During those Roman days, the feeling of time travel was always present, with questions about whether it was the classical, high medieval, late medieval period... maybe, but not much more. It was entering the Trastevere and feeling transported far away. At the same time, with open eyes, I would occasionally mumble: "Here and now I'm a priest and that will never change." Whenever I met with my partner Janice every morning in the garden of the inn for breakfast, the certainty was complete because one person may have hallucinations but not two of them. Perhaps that is why the Lord commanded his disciples to go in groups of two...

One day she came with a large envelope in her hand, it was a Tuesday, the eve of the jubilee of the priests, and said "Today we are going to the Vatican." In that pilgrimage we were both witnesses to the presence and light of the other, materialized, sweaty, not as well-groomed as we would have liked, or hungry, or jumping for joy. On that day we felt carried on the shoulders of a thousand generations of women of God who snuggled us; we were remembering their names as we walked through the courtyard of the building of the Curia. We did not miss the joke about the establishment of the firefighters, on the patio we were crossing: "If a single spark of the fire of the Spirit lights up, they will put it out, just in case," I joked.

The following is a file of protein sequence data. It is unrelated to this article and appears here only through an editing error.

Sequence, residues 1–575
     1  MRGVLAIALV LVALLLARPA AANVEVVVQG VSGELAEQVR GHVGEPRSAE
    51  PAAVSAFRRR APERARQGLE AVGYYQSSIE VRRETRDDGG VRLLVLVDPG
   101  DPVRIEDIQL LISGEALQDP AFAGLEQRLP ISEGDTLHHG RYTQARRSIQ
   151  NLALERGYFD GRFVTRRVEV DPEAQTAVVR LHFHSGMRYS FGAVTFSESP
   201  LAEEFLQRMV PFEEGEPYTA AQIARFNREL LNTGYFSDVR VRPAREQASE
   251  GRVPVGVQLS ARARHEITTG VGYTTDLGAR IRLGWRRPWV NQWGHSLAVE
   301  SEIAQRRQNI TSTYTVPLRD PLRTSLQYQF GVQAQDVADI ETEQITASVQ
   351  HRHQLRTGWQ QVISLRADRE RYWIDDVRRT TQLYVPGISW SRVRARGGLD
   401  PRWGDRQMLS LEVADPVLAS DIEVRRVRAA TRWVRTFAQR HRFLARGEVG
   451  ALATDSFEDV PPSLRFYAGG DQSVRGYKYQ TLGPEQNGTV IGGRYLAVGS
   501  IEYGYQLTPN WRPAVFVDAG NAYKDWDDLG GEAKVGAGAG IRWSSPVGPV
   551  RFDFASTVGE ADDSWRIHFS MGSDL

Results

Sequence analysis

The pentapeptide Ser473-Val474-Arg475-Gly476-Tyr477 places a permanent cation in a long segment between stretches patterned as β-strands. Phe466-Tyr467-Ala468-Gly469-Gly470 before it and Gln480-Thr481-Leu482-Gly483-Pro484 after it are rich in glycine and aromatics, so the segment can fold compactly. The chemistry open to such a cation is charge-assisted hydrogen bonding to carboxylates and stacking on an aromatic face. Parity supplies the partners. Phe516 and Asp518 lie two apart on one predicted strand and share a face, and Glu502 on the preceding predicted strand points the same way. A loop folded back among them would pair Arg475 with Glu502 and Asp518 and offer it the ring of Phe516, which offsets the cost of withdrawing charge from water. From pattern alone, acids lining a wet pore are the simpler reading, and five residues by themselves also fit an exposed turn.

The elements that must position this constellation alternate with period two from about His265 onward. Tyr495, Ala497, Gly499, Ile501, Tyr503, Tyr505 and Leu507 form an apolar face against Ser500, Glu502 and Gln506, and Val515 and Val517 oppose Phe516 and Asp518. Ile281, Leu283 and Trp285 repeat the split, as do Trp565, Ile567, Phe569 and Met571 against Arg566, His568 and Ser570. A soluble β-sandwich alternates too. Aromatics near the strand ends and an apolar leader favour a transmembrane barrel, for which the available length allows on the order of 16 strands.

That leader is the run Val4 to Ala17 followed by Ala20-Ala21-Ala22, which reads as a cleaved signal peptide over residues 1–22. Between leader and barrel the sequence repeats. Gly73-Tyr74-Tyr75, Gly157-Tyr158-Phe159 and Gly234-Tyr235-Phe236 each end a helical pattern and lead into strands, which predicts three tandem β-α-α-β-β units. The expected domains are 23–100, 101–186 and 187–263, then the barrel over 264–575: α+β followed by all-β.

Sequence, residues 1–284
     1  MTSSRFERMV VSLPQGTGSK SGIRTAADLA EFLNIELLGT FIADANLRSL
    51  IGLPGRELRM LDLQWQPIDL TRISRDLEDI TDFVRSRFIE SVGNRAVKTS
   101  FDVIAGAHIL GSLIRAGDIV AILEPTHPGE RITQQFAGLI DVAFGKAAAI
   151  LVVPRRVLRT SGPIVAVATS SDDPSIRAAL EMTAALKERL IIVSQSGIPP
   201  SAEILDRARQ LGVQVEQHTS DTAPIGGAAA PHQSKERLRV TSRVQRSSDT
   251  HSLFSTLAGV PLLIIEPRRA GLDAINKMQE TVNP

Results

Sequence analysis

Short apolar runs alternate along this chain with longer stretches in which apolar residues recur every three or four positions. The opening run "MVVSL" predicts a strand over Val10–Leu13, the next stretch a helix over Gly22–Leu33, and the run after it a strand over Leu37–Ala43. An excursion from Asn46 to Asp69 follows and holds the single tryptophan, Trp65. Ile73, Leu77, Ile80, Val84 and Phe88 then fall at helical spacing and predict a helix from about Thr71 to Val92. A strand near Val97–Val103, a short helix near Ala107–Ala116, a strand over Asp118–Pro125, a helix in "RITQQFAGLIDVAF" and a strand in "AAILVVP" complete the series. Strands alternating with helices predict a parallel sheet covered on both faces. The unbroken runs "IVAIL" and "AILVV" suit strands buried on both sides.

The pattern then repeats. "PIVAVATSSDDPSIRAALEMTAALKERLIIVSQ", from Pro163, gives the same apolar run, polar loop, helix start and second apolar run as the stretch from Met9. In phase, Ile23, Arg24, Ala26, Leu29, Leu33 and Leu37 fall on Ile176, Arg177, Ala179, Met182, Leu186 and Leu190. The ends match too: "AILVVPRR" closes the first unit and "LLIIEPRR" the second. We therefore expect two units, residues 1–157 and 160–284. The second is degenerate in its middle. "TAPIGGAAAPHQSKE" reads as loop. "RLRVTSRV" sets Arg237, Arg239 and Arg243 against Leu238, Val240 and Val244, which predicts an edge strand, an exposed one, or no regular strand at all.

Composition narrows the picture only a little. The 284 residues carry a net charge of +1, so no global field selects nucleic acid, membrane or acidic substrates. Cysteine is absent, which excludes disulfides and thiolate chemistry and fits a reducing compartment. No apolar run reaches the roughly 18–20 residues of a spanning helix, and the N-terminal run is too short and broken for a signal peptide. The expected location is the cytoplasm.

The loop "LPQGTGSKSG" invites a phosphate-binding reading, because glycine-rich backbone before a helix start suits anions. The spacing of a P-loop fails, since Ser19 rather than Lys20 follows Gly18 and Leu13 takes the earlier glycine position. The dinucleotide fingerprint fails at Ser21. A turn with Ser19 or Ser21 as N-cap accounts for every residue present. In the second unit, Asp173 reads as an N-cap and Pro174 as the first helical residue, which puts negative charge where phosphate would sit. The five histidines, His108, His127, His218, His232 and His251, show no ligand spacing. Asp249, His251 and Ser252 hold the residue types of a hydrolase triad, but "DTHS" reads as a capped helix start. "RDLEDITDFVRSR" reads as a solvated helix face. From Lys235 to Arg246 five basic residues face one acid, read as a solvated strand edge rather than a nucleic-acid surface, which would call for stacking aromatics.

From eleven o'clock until 6:30 pm we were walking and looking, standing in line under a sun of justice, being checked, registered and guided, at times misguided as in a twisted treasure hunt... until, at last, to the office where we were received, with love and respect, -again I repeat to myself, "here and now, in the heart of what was and is the center of the Christian world, we are clergywomen and we occupy these seats in peace."  I will always remember that trio who understood each other in Spanish and English. I have in mind Janice’s testimony, her plea for our cause that is not ours but that of the motherly Ruah, her evoking of many friends’ names and faces before the Monsignor, always attentive and responsive, Janice reeled them off like a litany, I was struck by your face, Janice, my companion, full of love and hope, I will never forget it. The great Lady Magdalene was also coming up. A few days later her celebration would be officially proclaimed as a feast day and no longer as a memory, one more saint in pantheon. We will never know if our visit had any influence on this, what matters is our joy that it happened.